"naked" TI:- (left) and T I l 2 M l 2 - (right) clusters, while Figis consistent with a trivalent Sm state (electron configuration
4f5) and the refined composition (the calculated magnetic moure 3 demonstrates how these units are connected into a threement pe,(for the latter is exactly 0.43 p8), because the S m 2 +(4fb)
dimensional structure, here as well as for Mg2Zn , (see below).
would make no contribution to the magnetic moment, because
The linked network shown about the polyhedra in "salt-like"
alkali-metal-thallium compounds (Fig. 3) does not imply
J = 0. In parallel with their weak Pauli paramagnetism, these
compounds are expected to be poor metals in spite of their
bonding interactions among the cations, but it does highlight a
different zinc substructure in the parent Mg2Zn, The larger
closed-shell configurations, as exemplified by the hydride phase
icosahedral units are held within a cage defined by six zigzag
( ? p / p ? T = 0.34(1)O/0
=100pRcm).Theycantherefore be classified as Zintl phases that are incidentally metaleight-membered rings, while the smaller octahedron is surlic 16. 1 1. 121
rounded by twelve five-membered rings. The accompanying
It is interesting to notice the small but appreciable dimensionshrinkage around the octahedron to preserve suitable bonding
interactions results in six extra contacts between pairs of atoms
al variations between the above phases and Na,,K6TIl,H. Lattice constants and important interatomic distances (Table 1) ad(Na or Zn, represented as gray spheres) that make the former
Table 1 Lnttice constants and important distances
(M = Mg. Zn) and Na,, ,Sm,, ,K,TI,,Na.
in Na,,K,TI,,H.
Nal,K,TIi,M
~~
A
A
,
,.
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Fig. 2. Environments around the octahedral (left) and icosahedral (right) thallium
clusters with the Na sites interconnected to emphasize the relationship to Mg,Zn,,
The doso-deltahedra (large circles, and small shaded circles) represent either TI
clusters. K, atid the two types of Na atonis in Na,,K,TI,,M. o r Zn cluster fragments, Mg, and Zn atoms in Mg,Zn,, , respectively.
atoms (in the place of Na) connect Cu or Au octahedra and
icosahedra. The nature of the interactions between the linked
network and polyhedra undoubtedly undergoes dramatic
changes from Mg,Znt through Mg,AI,Cu, to Na,,K,Tl,,M
as the bonding character changes from homonuclear covalent
through heteronuclear covalent to predominantly ionic. The last
is mechanically the weakest in this series and extremely brittle,
but i t still has a metallic luster.
The title compounds are examples in which electronic tuning
among closed-shell structures is successfully realized. More
chemical tuning about this structure type and new octahedral
and icosahedral clusters can be expected through appropriate
combinations of elements from Groups 1 and 2 and Groups
11-13. In other words: dissection of a structure followed by
manipulation of the numbers and types of atoms in a cluster
compound may produce new cluster materials with novel properties.
E.uperimenta1 Procedures
Fig 3. View ofthe Na,,K,TI,,M and Mg,Zn,, structures onto [OOl] showing three
different substructures and the interconnections among the cations between clusters. Symbols for the atoms are the same as in Fig. 2.
eight-membered ring bicyclic. Inclusion of isolated cations (represented as open circles for K or Mg) leaves all of the T1 or Zn
polyhedra sheathed by 32 atoms functioning in two ways: every
triangular face in both polyhedra is capped whereas each vertex
is exo-bonded to one atom for the icosahedron but to two Na
(or Zn) and two more distant K (Mg) for the octahedron. The
eight atoms face-capping the octahedron (black circles) need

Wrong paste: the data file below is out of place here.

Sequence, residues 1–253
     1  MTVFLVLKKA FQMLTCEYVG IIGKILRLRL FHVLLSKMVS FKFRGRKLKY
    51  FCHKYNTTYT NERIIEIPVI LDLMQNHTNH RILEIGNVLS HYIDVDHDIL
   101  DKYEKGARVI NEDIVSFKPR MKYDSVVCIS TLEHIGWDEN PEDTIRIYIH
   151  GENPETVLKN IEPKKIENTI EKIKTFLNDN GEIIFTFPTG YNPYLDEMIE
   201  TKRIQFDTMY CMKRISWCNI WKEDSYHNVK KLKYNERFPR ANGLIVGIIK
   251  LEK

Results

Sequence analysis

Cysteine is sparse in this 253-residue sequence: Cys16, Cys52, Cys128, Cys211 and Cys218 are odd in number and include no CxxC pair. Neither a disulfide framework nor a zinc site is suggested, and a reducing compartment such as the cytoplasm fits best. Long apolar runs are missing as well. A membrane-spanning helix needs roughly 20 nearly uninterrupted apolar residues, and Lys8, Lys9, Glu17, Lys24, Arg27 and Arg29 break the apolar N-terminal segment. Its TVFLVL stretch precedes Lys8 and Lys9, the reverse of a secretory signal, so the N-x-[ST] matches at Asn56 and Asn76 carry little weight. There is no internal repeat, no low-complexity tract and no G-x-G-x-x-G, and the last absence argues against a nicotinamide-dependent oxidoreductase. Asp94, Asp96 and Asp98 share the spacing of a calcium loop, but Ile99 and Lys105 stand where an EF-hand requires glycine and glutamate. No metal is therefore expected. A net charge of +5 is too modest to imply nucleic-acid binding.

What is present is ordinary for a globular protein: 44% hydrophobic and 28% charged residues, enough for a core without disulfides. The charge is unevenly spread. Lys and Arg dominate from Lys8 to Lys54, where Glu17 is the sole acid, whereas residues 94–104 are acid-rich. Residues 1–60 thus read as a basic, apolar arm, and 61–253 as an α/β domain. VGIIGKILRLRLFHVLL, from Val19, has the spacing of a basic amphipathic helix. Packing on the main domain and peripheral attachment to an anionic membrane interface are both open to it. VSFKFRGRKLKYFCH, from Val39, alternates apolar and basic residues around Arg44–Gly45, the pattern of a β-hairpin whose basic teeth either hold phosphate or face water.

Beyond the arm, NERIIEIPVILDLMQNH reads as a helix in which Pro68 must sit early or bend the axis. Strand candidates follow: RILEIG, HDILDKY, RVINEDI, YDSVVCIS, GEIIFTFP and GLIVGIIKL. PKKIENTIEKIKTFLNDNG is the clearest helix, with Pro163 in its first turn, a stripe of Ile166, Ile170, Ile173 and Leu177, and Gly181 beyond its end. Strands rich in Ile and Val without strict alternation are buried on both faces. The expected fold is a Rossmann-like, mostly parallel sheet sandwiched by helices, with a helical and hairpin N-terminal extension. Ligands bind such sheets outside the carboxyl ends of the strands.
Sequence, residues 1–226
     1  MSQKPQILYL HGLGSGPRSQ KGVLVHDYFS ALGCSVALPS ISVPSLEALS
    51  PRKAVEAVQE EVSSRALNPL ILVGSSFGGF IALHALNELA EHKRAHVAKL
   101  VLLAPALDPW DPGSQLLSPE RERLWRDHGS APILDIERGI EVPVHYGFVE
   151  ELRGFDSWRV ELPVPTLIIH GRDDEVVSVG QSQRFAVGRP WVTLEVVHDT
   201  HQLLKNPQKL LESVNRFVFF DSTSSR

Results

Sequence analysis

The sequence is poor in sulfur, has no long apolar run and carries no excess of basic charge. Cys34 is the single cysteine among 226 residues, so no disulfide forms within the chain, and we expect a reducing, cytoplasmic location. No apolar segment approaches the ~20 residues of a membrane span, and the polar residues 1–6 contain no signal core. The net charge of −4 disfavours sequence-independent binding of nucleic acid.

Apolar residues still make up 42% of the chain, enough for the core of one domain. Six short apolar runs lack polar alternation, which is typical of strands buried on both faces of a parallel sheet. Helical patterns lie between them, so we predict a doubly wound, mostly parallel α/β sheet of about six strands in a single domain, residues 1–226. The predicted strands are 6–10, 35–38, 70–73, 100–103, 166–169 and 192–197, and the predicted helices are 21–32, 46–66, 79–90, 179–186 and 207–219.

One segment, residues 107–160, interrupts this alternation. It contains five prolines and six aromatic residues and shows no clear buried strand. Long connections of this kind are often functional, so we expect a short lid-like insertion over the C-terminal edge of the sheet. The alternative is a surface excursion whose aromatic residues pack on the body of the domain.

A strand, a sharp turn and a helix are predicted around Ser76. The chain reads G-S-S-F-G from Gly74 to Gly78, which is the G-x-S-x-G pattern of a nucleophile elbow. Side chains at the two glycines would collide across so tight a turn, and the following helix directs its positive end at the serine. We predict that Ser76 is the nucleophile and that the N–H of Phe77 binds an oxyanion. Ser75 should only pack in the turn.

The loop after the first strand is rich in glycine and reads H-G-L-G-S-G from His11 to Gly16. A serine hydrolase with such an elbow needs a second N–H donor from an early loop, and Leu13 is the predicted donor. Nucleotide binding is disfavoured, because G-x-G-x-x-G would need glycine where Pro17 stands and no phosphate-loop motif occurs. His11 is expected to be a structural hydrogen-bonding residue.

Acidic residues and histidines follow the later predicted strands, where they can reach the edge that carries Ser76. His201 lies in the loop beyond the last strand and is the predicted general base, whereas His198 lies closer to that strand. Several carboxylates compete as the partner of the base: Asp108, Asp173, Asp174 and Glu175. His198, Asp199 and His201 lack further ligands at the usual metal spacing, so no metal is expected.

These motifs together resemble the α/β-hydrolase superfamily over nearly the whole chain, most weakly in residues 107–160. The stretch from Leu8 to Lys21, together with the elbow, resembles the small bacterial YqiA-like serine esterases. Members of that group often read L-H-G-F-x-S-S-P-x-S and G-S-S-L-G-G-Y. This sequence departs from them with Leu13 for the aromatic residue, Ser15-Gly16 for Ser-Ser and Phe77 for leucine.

special attention. These positions, always fully occupied by a
single Na or Zn type, are located along the body diagonals in
distorted octahedral holes defined by the neighboring polyhedral units, and so demonstrate that the octahedron and icosahedron are the only two interchangeable cluster units with suitable
cubic symmetry and comparable environments.
Three different substructures are evident in Mg,Zn, : the
same zinc polyhedra (octahedral Zn, and Zn-centered icosahedral Zn,,), in the holes a zinc spacer substructure (linked Zn,,,
like Na), and solvatingcations (Mg", K'). It is these different
structural functions that afford broad chemical variability
through changes in the atom types in the polyhedra, spacers, or
cations. While the parent Mg,Zn,, probably represents the
highest condensation limit, because the two zinc substructures
strongly interact with each other through homonuclear bonding, the present Na,,K,TI, 8M phase represents the opposite
extreme with isolated polyhedral thallium clusters, well-separated by the solvating alkali-metal cations. Some intermediate degrees of condensation {or bonding polarity) must be also possible and are indeed observed in the isomorphous Mg,AI,Cu,
(that is, [(A1,,)(Mg,)][(Cu,,Al)(Cu,)])"71and Na,In,AU,
(that is, [(Ini,)(Na,)J[(Au,,In)(Au,)])['81in which A1 or In
Pure phases of the title compounds were obtained through reactions of stoichiometric amounts oftheconstituent elements i n welded Ta tubing by using the techniques
described previously[4]. The surfaces of the Na chunks (99.9%. Alpha) and TI
metal bar (99.998%. Johnson-Matthey) wereclraned with a scalpel in the glovebox
before use. whereas the K (99.9%. Baker. sealed under Ar). Mg turnings (99.9%.
Aldrich), Zn fillings (99.9%. Fisher), and Sm granules (99.9%. Aines Lab) were
used as received. I n order to establish that hydrogen interstitials were not involved 181, parallel reactions were run both under vacuum (equilibration at 800 C
for 5 h followed by slo\c cooling to room temperature) or jacketed by fused silica
tubing (equilibration at 500 C for three days followed by annealing a t 250 C for
one week) and with different heating profiles. EDAX studies were carried out on a
JEOL X40A SEM with a REBEX DELTA detector with several single crystals of
each phase. The single-crystal X-ray diffraction data were collected on a CAD4
diffractoineter (Mo,,) at room temperature for a n angle of 2 0 up to 55'. Empirical
absorption corrections included $-scans and DIFABS 1191. Magnetic susceptibility
nieasureinents were made at '1 field of 3 T over the range of 6-300 K with
u Quantum Design MPMS SQUID magnetometer on powdered samples of
Na,SK,,TI,,H (52 ing). Na,,K,Tl,,blg (47 mg). Na,,K,TI,,Zn (43 ing). and
N a , , ,Sin,, ,K,TI,,Na (50 ing) iii the container type described elsewhere [16]. The